Maguey worms (Spanish: gusano del maguey, [gu'sanos de maɣej] (listen); chinicuil [tʃiniˈkujles] (listen)), are one of two species of edible caterpillars that infest maguey (Agave americana) and Agave tequilana plants.[unreliable source?][unreliable source?]
The white maguey worms, known as meocuiles, are caterpillars of a butterfly commonly named "tequila giant skipper," Aegiale hesperiaris.[unreliable source?]
Aegiale hesperiaris is found usually in regions of Central Mexico, on the leaves of Family Agavaceae plants, such as: Agave tequilana and Agave americana (maguey). They are not found on cacti, as is often erroneously reported. Aegiale hesperiaris butterflies deposit their eggs at the heart of the leaves of agaves. The larvae then eat the flesh of the agave stems and roots, sometimes boring out the agave completely.
The red maguey worms are known as chilocuiles, chinicuiles or tecoles, and are the larvae of the moth Comadia redtenbacheri. These infest the core and roots of the maguey plant, often in a collective mass. Along with agave snout weevil larvae (mezcal worm), red maguey worms are one of the types of gusanos found in bottles of mezcal liquor from the Mexican state of Oaxaca.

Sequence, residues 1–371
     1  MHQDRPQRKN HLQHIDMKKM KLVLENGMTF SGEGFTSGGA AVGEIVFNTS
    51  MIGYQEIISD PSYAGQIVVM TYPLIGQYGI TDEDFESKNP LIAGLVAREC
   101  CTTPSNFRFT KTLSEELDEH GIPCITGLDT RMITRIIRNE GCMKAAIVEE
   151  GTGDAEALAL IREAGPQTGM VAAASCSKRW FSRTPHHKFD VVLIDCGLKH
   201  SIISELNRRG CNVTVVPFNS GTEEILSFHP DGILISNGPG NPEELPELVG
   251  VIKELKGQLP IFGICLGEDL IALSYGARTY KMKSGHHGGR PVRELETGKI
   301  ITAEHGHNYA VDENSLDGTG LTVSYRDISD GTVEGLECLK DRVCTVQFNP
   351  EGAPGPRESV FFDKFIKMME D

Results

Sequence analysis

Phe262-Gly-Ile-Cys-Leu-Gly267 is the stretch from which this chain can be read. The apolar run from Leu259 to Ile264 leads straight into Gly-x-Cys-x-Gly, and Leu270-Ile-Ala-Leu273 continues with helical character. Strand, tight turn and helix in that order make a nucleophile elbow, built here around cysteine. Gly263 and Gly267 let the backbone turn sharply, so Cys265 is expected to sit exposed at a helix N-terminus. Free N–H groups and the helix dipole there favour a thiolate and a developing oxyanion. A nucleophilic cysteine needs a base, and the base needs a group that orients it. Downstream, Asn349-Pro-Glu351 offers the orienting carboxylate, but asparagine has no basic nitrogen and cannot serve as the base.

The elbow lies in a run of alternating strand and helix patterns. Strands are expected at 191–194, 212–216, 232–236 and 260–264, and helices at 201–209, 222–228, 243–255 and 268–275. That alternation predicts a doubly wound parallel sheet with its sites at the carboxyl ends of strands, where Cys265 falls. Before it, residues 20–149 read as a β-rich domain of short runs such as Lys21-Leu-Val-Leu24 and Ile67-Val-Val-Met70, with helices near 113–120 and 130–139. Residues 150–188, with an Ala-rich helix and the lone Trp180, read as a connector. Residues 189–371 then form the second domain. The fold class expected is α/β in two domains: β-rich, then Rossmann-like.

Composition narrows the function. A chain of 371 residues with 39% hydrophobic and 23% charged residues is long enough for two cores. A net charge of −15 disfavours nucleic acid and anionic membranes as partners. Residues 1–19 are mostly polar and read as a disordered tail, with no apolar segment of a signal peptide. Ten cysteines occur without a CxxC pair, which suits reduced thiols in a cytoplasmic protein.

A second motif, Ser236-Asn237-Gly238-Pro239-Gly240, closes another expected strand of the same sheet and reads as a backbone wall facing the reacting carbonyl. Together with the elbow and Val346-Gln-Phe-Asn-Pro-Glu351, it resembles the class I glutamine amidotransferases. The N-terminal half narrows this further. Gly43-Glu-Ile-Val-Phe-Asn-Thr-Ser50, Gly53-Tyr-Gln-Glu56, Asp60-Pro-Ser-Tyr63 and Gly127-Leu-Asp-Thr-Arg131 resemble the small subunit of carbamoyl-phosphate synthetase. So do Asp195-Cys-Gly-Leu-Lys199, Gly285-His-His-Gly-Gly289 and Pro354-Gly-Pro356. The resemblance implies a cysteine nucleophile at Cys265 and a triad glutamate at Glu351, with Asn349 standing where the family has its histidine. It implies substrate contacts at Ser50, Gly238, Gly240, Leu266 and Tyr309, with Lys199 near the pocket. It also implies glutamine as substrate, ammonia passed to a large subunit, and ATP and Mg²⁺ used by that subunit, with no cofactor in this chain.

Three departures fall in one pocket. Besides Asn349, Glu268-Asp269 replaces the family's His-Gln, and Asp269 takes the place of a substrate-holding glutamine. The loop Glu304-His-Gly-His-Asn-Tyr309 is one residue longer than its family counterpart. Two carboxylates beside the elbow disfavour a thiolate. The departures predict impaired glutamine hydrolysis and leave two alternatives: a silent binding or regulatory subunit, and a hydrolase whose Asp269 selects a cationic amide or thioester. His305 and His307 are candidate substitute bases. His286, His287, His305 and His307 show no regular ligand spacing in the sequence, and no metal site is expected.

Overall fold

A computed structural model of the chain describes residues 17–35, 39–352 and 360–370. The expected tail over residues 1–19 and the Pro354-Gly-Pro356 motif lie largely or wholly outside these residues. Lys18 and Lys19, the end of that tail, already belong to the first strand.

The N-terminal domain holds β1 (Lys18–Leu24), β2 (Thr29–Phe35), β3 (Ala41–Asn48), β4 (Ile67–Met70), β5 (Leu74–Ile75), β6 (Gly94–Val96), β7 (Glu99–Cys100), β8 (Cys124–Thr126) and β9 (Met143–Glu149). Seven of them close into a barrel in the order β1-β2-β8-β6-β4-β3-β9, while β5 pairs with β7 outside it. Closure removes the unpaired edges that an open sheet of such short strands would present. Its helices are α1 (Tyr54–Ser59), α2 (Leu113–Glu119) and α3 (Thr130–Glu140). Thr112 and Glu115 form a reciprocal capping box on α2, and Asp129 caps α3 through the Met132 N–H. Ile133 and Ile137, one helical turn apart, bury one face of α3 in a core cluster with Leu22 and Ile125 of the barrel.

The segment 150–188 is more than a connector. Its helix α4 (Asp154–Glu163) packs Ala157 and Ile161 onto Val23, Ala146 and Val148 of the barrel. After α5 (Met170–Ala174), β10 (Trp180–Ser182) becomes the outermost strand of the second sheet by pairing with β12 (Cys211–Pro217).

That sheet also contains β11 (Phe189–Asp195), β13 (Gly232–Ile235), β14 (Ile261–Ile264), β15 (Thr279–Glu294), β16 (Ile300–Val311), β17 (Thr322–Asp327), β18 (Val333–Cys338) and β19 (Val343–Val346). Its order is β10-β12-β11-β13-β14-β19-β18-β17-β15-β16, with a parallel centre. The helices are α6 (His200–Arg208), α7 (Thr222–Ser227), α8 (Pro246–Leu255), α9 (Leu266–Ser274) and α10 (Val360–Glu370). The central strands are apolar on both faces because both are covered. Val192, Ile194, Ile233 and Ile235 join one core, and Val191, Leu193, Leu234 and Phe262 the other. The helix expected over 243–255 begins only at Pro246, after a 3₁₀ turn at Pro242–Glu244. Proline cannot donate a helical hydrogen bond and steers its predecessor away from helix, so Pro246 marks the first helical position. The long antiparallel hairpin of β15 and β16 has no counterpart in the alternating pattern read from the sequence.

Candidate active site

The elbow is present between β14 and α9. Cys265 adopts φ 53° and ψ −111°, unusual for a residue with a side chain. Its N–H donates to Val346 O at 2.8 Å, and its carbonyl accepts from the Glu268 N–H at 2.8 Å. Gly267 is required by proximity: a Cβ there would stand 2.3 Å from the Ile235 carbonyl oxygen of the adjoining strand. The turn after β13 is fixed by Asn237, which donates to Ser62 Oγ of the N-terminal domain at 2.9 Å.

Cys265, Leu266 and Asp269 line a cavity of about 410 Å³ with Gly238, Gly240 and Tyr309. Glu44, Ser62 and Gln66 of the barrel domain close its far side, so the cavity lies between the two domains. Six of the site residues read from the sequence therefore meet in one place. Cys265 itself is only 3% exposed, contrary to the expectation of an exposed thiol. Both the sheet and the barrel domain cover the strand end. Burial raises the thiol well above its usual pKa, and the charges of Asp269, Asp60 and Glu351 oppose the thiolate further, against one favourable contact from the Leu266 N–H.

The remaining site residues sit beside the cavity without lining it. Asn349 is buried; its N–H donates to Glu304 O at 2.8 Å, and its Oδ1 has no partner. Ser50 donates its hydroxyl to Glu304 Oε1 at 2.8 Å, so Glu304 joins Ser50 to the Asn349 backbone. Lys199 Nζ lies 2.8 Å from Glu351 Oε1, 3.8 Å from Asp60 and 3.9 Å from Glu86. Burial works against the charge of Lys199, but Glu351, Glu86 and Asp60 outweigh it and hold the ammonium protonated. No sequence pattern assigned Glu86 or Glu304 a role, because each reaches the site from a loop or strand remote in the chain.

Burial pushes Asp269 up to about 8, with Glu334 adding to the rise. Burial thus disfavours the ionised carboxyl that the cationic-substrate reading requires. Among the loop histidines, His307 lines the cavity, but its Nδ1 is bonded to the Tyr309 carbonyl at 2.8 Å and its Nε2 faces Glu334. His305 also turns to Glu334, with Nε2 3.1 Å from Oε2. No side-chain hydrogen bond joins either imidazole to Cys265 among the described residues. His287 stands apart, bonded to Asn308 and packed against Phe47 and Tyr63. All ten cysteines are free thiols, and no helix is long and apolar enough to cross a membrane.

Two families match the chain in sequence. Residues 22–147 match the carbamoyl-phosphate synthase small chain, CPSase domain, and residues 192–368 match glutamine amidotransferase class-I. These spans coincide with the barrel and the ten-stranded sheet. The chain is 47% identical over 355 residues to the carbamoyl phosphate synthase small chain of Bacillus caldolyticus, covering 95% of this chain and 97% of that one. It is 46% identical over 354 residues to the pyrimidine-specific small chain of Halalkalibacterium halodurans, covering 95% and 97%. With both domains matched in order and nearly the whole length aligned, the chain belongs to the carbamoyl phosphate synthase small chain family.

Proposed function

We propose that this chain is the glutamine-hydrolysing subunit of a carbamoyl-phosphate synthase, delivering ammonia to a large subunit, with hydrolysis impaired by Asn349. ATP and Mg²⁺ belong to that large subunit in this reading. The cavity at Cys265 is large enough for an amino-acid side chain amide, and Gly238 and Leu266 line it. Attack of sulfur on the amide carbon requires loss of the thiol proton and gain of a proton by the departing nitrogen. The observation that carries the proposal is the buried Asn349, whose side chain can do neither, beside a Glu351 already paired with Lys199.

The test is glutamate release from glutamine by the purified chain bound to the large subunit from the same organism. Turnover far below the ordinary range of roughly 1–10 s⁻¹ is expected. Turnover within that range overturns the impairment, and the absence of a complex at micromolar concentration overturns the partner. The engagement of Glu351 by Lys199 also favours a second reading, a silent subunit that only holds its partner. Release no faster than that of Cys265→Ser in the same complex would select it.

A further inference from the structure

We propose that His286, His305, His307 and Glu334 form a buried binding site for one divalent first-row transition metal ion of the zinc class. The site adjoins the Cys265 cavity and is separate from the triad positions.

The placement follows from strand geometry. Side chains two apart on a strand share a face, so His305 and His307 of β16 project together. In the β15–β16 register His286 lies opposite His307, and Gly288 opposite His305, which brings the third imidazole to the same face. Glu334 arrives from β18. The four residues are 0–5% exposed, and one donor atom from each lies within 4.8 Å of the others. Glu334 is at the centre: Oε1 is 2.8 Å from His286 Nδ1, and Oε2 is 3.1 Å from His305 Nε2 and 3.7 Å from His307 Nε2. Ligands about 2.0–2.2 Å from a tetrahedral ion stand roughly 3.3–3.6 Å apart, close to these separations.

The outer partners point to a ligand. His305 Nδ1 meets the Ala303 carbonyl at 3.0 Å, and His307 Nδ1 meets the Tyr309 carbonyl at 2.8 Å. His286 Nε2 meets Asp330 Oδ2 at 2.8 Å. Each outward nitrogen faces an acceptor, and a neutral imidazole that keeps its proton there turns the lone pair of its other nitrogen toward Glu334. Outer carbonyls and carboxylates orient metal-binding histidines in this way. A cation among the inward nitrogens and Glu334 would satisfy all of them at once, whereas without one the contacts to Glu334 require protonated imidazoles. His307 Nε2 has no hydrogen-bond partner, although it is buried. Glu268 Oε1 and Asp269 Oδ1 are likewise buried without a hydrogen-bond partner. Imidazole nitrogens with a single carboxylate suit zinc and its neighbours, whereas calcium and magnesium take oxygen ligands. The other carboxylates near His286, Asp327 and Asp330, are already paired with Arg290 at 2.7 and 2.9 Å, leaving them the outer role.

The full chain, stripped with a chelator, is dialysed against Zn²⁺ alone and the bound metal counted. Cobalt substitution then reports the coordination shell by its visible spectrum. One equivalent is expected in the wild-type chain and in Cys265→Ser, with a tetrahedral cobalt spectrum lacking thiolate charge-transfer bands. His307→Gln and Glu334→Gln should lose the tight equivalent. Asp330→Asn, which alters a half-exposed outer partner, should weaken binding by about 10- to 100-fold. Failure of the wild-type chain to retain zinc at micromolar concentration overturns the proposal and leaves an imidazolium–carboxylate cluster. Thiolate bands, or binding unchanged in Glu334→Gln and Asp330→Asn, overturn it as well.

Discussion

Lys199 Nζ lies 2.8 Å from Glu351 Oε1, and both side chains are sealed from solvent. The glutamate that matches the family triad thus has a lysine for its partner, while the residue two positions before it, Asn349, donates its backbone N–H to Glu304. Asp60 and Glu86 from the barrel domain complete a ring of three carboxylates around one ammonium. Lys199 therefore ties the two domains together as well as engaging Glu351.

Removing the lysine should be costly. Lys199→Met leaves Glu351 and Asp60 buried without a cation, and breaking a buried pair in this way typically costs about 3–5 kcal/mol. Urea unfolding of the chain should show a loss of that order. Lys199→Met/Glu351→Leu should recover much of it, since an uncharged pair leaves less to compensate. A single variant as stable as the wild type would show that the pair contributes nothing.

When fully mature, these caterpillars appear fleshy-red and can measure up to 65 mm (2.6 in). They are considered a highly nutritious delicacy in Mexican cuisine. One 100-gram serving contains over 650 calories, or the equivalent of two plates of rice. While they are sometimes eaten alive and raw, they are also considered delicious deep-fried or braised, seasoned with salt, lime, and a spicy sauce, and served in a tortilla.